A New York police officer killed during a botched robbery in Brooklyn was being laid to rest Monday in his Long Island community _ a veteran with 12 medals and more than 200 career arrests.
A funeral Mass for Peter Figoski, a 47-year-old father of four, was scheduled for Monday at 11 a.m. in Babylon.
Hundreds paid tribute to the slain officer over the weekend at his wake.
Among them was New York Police Commissioner Ray Kelly, who said the life of the divorced officer appeared to revolve around his daughters, and that the family was "heartbroken."
The 22-year NYPD veteran lived in West Babylon.
A member of the New York Police Department's 75th Precinct in the East New York neighborhood, Figoski was shot in the face last Monday while responding to a report of a break-in a Brooklyn apartment.
Lamont Pride and four others are accused of trying to rob a marijuana dealer in the basement apartment. When they smashed in the door and began beating the dealer, the upstairs owner of the home called 911.
Figoski and his partner were providing backup to two officers questioning the victim and two suspects in the apartment when Pride and another man tried to flee, police said. During a struggle between the officer's partner and one of the suspects, Figoski came face-to-face with Pride, who police said shot him once in the face with a semiautomatic handgun before Figoski could draw his own weapon.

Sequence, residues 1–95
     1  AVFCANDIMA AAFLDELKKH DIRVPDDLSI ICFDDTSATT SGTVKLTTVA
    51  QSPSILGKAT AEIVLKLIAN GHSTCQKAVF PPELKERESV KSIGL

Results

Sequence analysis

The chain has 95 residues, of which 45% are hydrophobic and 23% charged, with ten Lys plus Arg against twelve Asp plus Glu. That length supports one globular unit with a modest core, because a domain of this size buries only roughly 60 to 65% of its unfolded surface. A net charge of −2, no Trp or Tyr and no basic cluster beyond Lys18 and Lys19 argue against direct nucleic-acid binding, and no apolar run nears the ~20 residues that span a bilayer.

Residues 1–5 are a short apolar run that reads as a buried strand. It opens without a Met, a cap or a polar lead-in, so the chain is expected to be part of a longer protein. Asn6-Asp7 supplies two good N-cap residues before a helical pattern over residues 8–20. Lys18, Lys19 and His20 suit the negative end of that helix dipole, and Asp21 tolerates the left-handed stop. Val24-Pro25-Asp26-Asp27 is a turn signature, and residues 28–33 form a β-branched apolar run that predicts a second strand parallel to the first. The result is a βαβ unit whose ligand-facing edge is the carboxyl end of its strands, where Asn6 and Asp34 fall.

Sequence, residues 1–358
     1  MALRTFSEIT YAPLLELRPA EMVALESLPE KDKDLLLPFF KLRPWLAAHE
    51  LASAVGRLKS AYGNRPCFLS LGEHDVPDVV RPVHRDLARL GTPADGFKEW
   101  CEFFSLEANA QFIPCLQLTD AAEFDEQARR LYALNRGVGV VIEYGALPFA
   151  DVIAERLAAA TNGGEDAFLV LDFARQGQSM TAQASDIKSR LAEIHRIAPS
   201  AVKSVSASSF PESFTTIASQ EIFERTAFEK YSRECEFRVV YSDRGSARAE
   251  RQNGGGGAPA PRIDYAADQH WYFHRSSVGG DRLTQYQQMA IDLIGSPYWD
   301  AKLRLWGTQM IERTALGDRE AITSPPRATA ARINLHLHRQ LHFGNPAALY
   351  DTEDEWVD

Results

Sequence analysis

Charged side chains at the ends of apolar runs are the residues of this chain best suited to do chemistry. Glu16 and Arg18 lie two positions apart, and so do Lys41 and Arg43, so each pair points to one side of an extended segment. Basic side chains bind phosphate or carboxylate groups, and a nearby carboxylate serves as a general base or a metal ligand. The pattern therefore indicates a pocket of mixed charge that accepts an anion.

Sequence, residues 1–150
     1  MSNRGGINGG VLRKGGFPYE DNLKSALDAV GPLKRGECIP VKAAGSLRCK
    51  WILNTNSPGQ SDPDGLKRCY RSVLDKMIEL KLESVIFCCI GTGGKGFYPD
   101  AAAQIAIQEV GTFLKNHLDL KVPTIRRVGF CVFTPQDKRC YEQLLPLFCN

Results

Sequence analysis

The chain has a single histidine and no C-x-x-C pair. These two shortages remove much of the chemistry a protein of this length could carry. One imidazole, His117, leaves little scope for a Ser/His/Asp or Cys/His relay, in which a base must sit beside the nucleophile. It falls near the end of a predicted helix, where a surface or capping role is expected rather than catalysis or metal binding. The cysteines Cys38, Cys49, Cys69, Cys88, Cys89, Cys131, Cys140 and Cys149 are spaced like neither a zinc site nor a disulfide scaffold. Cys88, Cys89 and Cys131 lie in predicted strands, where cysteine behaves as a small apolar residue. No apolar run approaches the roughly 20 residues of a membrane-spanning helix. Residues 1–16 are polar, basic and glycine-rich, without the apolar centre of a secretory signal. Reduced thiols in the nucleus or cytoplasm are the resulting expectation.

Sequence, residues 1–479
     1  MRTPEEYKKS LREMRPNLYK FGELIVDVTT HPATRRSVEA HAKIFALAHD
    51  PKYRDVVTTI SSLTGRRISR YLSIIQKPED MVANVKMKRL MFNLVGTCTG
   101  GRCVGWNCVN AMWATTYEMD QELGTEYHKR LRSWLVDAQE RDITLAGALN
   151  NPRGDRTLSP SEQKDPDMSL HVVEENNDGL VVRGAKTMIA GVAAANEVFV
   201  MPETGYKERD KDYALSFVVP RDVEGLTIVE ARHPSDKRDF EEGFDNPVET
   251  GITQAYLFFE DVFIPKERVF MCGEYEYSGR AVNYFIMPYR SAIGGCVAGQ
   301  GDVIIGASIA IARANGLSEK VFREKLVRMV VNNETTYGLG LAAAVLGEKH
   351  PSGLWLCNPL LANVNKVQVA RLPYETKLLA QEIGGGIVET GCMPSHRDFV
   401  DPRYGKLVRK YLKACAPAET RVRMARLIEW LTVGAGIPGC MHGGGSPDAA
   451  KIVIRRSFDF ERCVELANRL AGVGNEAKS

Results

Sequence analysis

His partner pursued Pride on foot and captured him several blocks away, police said.
Pride is charged with first-degree murder. The other four are charged with second-degree murder.
Prosecutor Kenneth Taub said the five _ all jailed without bail _ had plotted to "commit a home invasion of a small-time marijuana dealer." He called Pride the "muscle of the organization" and said the defendant "made a choice to end the officer's life rather than be arrested."
Pride was already wanted in a non-fatal shooting in North Carolina but remained on the streets because arrest warrants didn't require his return there, NYPD officials said.
He had been arrested twice in recent months in New York for weapons and drug possession. Each time, he was released after police found they had no grounds to hold him under the North Carolina warrants, Kelly said.
Pride also served a short prison term in North Carolina for robbery.
The officer leaves four daughters: Carolyn, 16, and Corrine, 14, both in high school, and Christine, 20, and Caitlyn, 18, who are in college upstate.